NRL’s First Out Player, Ian Roberts, Opens Up About Mental Health Struggles

Ian Roberts (Fox League/Screencapture via Youtube)

Speaking to Lifeline’s podcast, Holding on to Hope, openly gay ex-rugby player, Ian Roberts, talks about his experience coming out in the rugby world during the 90s and his struggles with mental health in the wake of his retirement. 

September 9th is R U OK Day in Australia, a day to remind and encourage people to talk about their mental health and ask others around them if they’re ok, with the following day, September 10th, marking World Suicide Prevention Day. In a 2021 report by LGBTIQ+ Health Australia, it states that, LGBTQIA+ youth are, “two and a half times,” more likely to be diagnosed or treated for a mental health condition in the last twelve months, and “five times more likely,” to have attempted suicide, compared to the general population.

Roberts said that after experiencing a difficult coming out to his parents and homophobia on the pitch, he was feeling, “really alone… incredibly desperate, unsure of everything and unsure of myself.” Roberts contacted Lifeline to talk to someone and says he felt, “an incredible amount of relief… and the sensation of having someone listen to me… and being validated.”

Roberts also called Lifeline a few years later in the early 2000s after going through another hard time; retiring from rugby, a breakup with his partner, a failed business and substance abuse issues. He says that he, “desperately needed Lifeline in that situation… the sensation of someone listening to me and not judging me… it empowered me.”

Today, Roberts has become a self-confessed, “advocate for just sharing”, and encourages anyone who is struggling with their mental health to reach out to those around them and to the services that are available to them.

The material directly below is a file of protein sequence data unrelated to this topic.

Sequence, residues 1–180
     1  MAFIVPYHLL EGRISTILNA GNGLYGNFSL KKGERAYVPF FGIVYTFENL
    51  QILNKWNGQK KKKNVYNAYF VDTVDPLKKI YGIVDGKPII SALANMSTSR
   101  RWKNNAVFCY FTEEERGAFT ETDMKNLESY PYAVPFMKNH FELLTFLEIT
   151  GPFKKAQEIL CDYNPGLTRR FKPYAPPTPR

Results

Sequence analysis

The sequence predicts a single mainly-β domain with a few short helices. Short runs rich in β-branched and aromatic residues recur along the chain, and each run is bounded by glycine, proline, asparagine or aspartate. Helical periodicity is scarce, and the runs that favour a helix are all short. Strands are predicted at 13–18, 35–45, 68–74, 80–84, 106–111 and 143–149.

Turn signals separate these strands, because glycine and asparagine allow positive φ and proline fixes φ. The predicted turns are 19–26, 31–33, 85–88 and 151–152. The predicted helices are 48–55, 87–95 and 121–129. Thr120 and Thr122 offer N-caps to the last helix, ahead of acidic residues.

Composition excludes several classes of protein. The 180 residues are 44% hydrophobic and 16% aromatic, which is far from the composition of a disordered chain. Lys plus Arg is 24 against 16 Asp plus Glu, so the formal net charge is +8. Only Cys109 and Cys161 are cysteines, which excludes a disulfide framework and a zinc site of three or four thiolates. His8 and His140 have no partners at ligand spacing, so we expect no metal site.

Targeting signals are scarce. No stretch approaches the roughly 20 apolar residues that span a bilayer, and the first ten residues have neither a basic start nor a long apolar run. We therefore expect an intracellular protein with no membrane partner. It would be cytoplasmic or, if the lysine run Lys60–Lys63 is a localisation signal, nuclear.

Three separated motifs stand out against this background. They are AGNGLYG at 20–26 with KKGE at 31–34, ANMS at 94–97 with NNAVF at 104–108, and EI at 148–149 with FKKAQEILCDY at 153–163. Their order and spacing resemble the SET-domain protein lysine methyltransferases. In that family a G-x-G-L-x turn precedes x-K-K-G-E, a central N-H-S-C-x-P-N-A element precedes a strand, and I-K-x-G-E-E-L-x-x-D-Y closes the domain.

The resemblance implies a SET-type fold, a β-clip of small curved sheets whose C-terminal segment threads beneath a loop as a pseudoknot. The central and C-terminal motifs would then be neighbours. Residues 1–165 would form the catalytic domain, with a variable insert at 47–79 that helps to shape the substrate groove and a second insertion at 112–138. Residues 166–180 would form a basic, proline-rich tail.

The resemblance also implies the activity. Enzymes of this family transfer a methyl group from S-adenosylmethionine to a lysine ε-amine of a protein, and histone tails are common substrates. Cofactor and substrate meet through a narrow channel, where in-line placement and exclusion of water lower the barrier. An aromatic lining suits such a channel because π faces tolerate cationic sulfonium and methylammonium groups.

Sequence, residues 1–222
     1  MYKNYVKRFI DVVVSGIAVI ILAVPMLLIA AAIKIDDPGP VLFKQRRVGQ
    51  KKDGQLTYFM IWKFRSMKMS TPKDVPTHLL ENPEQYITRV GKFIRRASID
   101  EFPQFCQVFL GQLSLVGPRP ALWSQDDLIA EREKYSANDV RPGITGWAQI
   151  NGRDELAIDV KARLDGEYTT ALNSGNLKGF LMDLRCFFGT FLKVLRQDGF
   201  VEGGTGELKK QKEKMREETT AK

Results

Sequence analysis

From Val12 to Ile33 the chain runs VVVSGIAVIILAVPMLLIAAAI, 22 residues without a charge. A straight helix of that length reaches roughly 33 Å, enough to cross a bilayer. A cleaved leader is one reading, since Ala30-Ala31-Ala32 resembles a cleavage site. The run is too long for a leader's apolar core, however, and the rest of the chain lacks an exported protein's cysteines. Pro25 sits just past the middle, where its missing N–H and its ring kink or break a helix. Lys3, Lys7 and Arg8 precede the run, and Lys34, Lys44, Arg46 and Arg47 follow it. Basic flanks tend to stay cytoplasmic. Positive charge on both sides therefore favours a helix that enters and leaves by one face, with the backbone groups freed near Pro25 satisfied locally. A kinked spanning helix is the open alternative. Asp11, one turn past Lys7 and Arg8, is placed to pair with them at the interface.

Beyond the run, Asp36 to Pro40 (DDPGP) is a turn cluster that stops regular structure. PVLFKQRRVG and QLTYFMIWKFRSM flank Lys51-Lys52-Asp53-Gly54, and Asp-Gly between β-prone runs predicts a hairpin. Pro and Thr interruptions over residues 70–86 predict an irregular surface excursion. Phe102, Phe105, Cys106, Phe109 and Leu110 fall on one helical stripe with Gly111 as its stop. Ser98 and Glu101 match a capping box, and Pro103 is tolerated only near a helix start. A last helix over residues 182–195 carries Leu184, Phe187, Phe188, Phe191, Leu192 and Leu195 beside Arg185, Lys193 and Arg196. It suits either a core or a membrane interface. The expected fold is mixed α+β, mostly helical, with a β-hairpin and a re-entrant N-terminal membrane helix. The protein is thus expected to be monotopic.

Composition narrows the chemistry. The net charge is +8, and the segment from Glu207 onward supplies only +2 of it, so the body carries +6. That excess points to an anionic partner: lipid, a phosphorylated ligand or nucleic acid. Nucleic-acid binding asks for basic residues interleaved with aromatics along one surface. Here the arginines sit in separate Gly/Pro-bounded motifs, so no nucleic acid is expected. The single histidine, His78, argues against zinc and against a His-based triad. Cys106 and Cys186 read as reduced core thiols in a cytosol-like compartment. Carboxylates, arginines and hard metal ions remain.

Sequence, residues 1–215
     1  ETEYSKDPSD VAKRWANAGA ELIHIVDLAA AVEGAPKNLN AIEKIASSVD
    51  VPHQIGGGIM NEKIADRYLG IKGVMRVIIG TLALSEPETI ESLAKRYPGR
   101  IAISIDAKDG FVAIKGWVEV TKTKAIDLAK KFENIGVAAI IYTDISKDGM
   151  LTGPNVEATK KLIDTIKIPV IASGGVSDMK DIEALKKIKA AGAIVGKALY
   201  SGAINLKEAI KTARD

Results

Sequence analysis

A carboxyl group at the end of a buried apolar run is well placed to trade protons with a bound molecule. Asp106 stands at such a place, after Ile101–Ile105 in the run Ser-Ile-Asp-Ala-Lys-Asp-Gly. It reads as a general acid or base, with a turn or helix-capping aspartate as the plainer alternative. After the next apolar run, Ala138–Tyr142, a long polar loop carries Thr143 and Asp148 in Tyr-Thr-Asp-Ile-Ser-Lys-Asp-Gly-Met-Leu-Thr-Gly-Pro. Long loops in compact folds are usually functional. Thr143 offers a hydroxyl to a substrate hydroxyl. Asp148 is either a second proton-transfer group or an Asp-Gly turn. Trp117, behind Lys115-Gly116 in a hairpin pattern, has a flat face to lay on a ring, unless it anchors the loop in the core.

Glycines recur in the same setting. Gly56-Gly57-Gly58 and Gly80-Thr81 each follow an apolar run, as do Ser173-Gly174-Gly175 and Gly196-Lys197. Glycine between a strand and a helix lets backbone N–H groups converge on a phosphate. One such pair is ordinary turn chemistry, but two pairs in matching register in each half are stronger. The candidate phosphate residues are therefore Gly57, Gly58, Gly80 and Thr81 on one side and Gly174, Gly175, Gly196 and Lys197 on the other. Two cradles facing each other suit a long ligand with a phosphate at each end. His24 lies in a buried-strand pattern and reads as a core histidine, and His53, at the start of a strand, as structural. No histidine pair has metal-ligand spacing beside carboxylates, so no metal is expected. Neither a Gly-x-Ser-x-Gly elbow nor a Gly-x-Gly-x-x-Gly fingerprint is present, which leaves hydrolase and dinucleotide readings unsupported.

“It’s never too late to reach out and it’s ok to reach out,” Roberts says.

Looking back on his life Roberts says, “I’m in a great place now and have been very fortunate to be able to help others too, speaking openly and honestly about my life.”


If you or anyone you know is suffering from depression, anxiety or needs mental health assistance, consider contacting:

In Australia:

Lifeline on 13 11 14 for 24 hour crisis support and suicide prevention.

QLife on 1800 184 527 for Australia-wide LGBTQI peer support.

BeyondBlue on 1300 22 4636 for support and mental health resources.

Suicide Call Back Service on 1300 659 467.

Rainbow Door (Victoria) on 1800 729 367 for information, support, and referral to LGBTQIA+ Victorians.

NSW Mental Health Access Line on 1800 011 511.

In the US:

National Suicide Prevention Lifeline on 1-800-273-8255

In Canada:

The Canada Suicide Prevention Service on 1-833-456-4566

In the UK

The National Suicide Prevention Helpline UK on 0800 689 5652

Resources for other countries can be found here.

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